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December 3, 2002—In this issue:
1. NEWS AND VIEWS
- West Virginia Joins Massachusetts in Microsoft Appeal
- Microsoft: Windows Less Expensive Than Linux
- Itanium to Get a Speed Boost in 2003
- Microsoft Heads Back to Court over Java
- Microsoft Ships Win.NET Server 2003 RC2
- Planning on Getting Certified? Make Sure to Pick Up Our New eBook!
- Sample Our Security Administrator Newsletter!
3. CONTACT US
See this section for a list of ways to contact us.
1. NEWS AND VIEWS
(contributed by Paul Thurrott, [email protected])
West Virginia announced yesterday that it will join Massachusetts in appealing a US District Court decision that granted Microsoft a lenient sentence in its antitrust case. Last month, Judge Colleen Kollar-Kotelly rejected the stronger remedies the nonsettling states sought and instead accepted a proposed settlement from Microsoft and the US Department of Justice (DOJ). The attorneys general of both West Virginia and Massachusetts have described the settlement as ineffectual and ridden with loopholes and will now ask the appellate court to impose stricter remedies on the company.
"We have preserved our appeal," said West Virginia Attorney General Darrell V. McGraw Jr. yesterday, citing Judge Kollar-Kotelly's refusal to prevent Microsoft from commingling Windows and Internet Explorer (IE) code, an act "the federal court of appeals specifically agreed was an antitrust violation," he said. West Virginia and Massachusetts will probably ask the US Court of Appeals for the District of Columbia to require Microsoft to sell a Windows version that lets consumers remove IE, Windows Media Player (WMP), and other software components, giving competitors a better chance to market their own products. McGraw says that Microsoft's dominant Windows OS currently gives the company’s bundled middleware an unfair advantage.
McGraw's argument is sound. When the US Court of Appeals for the District of Columbia reviewed the case last year, it upheld findings that Microsoft illegally commingled its Web browser code with Windows to destroy Netscape and not for any perceived benefit to consumers. Judge Kollar-Kotelly then decided that hiding IE and other middleware components, rather than making them separate from Windows, was a sufficient penalty. Microsoft implemented this admittedly half-baked feature in Windows XP Service Pack 1 (SP1) and Windows 2000 SP3.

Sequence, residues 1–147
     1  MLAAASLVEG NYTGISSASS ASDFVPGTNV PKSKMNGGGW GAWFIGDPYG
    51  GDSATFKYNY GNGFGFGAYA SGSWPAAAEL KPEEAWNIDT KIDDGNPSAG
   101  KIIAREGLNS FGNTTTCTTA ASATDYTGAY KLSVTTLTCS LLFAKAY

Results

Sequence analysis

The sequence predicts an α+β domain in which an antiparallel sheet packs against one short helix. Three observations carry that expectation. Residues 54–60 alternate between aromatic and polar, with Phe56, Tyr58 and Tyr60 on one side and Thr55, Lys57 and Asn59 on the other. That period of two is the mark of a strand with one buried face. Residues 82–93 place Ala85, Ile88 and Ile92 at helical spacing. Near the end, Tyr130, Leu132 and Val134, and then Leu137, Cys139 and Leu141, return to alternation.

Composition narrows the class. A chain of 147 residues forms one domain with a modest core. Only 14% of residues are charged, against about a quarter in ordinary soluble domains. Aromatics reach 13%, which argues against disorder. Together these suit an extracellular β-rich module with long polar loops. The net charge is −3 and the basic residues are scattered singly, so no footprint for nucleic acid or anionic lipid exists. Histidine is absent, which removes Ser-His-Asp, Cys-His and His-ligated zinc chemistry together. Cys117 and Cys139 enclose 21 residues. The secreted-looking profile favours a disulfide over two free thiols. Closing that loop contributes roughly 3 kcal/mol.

West Virginia has money concerns, however. This weekend, the attorney general's office noted that the state would be hard pressed to find funding for the appeal. Yesterday, however, McGraw said that the stakes are too high to back down. "No reputable government should plea poverty and allow an adjudicated lawbreaker to retain their ill-gotten gains," he said. Massachusetts Attorney General Tom Reilly, an outspoken Microsoft critic who announced his state's appeal Friday, said yesterday that he was "pleased and grateful" to have West Virginia on board.
An IDC study says that organizations that run Windows spend less money in the long run than those that implement Linux because of the open-source solution's complexities and training and support costs. The total cost of ownership (TCO) debate between Microsoft and the open-source community has become heated in recent days, with Microsoft refuting claims that Linux is less expensive than Windows simply because Linux is free. Most of the costs associated with an OS arise after the initial purchase, the company says, and are personnel related. Predictably, however, Microsoft commissioned the IDC study.
"Linux requires more care and feeding \[than Windows\], basically," said Al Gillen, a research director in IDC's System Software group. "That's what the results are really telling us. The amount of manpower required to run a particular \[Linux\] environment is going to be higher."
The TCO study looked at five specific workloads that IDC says are typical for corporate IT departments: network infrastructure, print serving, file serving, Web serving, and security applications. In four of the areas, Windows was less expensive; Linux was deemed less expensive for Web serving, IDC says. In the areas in which Windows won, IDC judged Windows 2000 to be 11 to 22 percent less expensive than Linux over a 5-year period. Windows has more mature and easier-to-use management and software-development tools and requires less training and outsourced support, IDC says.
The IDC study comes on the heels of a controversial Aberdeen Group report that found UNIX, Linux, and other open source software (OSS) solutions to be greater security risks than Windows, based on CERT security-issue tracking. Meanwhile, a Microsoft representative said yesterday that the market will decide the fates of Linux and Windows. "We recognize that there has been a lot of hype around Linux, which directly competes with Windows," said Kevin Hou, the managing director of Microsoft Philippines. "We view it as a healthy situation as it keeps us focused on building software to bring the best value and experience to customers. In the end, the market has the final say."